Fetuses commonly suffer intermittent periods of light hypoxia due to uterine contractions and the mechanical pressure inherent to the birth process [59]. Vassalo et al. [6] affirmed that a state of fetal hypoxia during the perinatal period is common in newborn puppies. We measured the physiological and metabolic changes that LP experienced during eutocic births, including increases in blood levels of pCO2 and lactate of 17.38% and 51.45%, respectively, and decreases in blood pH of 1.22%, and levels of pO2 (15.27%) and bicarbonate HCO3 (9.48%), with high EB (45.91%), all due to hypercapnia (an indicator of respiratory acidosis) as the main factor. The most evident alterations occurred in the LP groups with the heaviest dams (C2, C3, C4). These alterations in gases and blood metabolites indicated respiratory and metabolic acidosis (mixed acidosis) resulting from intermittent asphyxia in utero during natural birth. Compensatory alkalosis began as a response to the respiratory and metabolic acidosis in the LP in all groups (C1–C4) due to hypoxia. This explains why pH did not decrease drastically [60][61]. Hypoxia-induced stress increases circulating epinephrine that breaks down muscular glycogen; thus, increasing lactate concentrations [62][63][64]. The above slows metabolism and triggers delayed anaerobiosis, a mechanism known as a tolerance to fetal hypoxia [65].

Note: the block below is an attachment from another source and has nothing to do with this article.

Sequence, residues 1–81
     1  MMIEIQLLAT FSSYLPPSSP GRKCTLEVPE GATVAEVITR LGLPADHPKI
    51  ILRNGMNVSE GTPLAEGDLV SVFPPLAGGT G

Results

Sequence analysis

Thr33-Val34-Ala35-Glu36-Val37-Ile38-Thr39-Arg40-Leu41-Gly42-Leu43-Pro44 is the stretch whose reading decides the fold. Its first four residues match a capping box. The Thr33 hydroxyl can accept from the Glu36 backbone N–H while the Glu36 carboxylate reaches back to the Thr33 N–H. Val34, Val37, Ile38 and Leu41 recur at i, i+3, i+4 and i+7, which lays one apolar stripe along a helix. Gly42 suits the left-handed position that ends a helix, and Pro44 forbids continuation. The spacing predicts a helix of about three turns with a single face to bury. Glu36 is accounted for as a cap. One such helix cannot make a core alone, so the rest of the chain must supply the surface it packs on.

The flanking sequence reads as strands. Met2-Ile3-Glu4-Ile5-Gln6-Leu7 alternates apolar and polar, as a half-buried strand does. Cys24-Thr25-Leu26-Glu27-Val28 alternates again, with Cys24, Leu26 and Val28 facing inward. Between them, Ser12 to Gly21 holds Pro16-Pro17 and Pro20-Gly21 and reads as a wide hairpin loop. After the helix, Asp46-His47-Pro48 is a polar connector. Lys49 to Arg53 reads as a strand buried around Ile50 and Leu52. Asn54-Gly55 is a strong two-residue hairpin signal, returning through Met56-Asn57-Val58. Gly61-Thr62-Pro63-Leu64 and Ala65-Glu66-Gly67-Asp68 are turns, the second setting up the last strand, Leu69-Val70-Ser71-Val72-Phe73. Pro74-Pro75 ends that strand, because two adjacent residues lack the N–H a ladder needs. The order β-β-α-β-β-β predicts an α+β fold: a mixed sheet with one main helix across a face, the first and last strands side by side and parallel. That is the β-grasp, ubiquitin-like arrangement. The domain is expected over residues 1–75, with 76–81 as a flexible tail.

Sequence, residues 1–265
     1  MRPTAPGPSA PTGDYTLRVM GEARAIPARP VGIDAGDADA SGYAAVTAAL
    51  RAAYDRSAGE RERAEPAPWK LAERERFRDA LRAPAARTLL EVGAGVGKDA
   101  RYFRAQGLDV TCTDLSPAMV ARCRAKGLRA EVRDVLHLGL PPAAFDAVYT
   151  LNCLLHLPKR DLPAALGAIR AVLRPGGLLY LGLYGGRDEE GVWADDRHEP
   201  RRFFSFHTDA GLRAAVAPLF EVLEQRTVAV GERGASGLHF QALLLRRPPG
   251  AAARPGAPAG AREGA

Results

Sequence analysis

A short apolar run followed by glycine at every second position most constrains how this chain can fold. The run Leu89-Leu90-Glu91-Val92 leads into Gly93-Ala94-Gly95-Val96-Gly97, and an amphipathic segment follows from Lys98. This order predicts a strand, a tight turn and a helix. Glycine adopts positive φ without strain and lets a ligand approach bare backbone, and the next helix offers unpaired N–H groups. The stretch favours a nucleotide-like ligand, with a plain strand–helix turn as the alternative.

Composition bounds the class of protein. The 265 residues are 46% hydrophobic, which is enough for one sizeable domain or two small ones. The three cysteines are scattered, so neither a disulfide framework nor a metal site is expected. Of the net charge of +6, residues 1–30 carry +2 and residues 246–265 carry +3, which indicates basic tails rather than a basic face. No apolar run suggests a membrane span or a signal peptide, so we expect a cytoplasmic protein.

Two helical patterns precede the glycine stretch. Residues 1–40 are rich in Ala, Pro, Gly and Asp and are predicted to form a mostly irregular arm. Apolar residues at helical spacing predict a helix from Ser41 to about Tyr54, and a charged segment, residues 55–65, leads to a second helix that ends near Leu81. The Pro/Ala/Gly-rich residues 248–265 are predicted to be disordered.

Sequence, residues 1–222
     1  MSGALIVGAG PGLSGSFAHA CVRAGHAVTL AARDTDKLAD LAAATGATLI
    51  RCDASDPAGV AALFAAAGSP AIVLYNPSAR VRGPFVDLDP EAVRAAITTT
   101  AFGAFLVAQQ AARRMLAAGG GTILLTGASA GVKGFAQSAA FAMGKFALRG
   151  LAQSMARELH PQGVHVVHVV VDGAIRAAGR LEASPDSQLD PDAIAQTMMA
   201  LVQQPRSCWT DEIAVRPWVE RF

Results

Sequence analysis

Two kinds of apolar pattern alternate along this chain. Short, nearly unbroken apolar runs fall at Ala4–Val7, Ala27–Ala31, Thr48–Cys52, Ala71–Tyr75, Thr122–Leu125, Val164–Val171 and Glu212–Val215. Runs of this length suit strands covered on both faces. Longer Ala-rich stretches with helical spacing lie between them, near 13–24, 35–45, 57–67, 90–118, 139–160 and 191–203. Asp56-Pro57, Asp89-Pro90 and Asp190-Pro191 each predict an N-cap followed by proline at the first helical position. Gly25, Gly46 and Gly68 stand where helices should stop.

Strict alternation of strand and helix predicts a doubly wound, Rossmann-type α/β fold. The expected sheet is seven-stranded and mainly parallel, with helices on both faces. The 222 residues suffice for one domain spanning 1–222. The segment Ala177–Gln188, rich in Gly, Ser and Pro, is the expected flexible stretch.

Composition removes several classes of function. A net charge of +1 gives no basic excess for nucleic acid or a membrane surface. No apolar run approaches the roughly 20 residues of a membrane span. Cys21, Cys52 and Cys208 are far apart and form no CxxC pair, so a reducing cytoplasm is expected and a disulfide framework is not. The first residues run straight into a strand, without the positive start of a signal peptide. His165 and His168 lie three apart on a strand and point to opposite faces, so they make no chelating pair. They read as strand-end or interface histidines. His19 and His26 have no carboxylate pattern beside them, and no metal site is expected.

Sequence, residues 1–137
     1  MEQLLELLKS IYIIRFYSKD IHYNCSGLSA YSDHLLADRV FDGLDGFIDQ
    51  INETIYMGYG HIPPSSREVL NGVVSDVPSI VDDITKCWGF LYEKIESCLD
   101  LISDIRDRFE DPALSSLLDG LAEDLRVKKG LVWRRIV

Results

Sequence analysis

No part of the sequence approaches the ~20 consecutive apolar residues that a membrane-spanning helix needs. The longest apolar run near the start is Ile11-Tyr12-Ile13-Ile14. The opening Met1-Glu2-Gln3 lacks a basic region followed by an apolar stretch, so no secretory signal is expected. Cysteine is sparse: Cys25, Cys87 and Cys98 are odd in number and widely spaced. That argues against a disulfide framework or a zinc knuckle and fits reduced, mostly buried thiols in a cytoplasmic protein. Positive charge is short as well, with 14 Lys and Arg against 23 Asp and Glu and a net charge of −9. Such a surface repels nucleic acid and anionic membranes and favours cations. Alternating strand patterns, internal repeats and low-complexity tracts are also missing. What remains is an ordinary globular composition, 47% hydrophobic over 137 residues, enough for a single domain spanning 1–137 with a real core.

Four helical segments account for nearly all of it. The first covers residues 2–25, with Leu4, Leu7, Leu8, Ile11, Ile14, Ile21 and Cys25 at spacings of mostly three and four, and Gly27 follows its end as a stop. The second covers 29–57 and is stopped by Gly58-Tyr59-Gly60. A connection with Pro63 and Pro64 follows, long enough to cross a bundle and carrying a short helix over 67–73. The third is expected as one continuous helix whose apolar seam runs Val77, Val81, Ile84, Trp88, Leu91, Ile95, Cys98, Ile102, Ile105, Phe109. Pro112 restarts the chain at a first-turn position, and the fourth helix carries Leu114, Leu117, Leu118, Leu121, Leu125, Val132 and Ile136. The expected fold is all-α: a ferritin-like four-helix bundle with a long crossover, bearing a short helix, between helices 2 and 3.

Regarding the metabolite glucose, no significant differences were observed in the LP during the first minute of life in any of the four categories, since measurements were in a range of 94.92–103.91 mg/dL. Mila et al. [17] reported a mean plasma glucose concentration of 97 mg/dL between 10 min and 8 h postpartum. The blood glucose level of puppies in the first 24 h postpartum was established in a range of 88–133 mg/dL [66][67]. Adequate energy reserves are extremely important for neonatal survival and resistance to adverse climatic conditions [68]. However, during the first hours of life, a decrease in glucose concentrations may be seen in diverse species because the glucose supply is interrupted abruptly during birth. This decrease is associated with the rapid exhaustion of hepatic glycogen. Hypoglycemia increases blood glucagon, cortisol, and catecholamine levels, leading to gluconeogenesis, lipolysis, glycogenolysis, and the consumption of ketone bodies. Ingesting colostrum post-birth increases and maintains glucose levels. In humans, for example, values below 50 mg/dL have been observed, though these may increase to 81 mg/dL during daytime [69][70]. A similar situation has been seen in foals [71]. On another point, an increase in blood glucose in newborn piglets can be considered an accurate indicator of neonatal distress because it shows their incapacity to regulate, or compensate for, the physiological processes during birth [13][37][72]. Mota-Rojas et al. [73] mention that high glucose concentrations in piglets are a sign of a short episode of asphyxia compared to those that manage to maintain their energy reserves. Therefore, lower glucose levels are associated with a more extended period of asphyxia and higher a consumption of energy reserves. It is important to mention that a prolonged or intermittent asphyxia in utero during birth does not necessarily lead to intrapartum stillbirth. However, these conditions can weaken newborns and reduce their capacity to adapt to extrauterine life, as documented in piglet studies [36]. The events that occur during an acute process of asphyxiation—such as metabolic acidosis and hypoxia—impact the welfare of newborns and their postnatal development.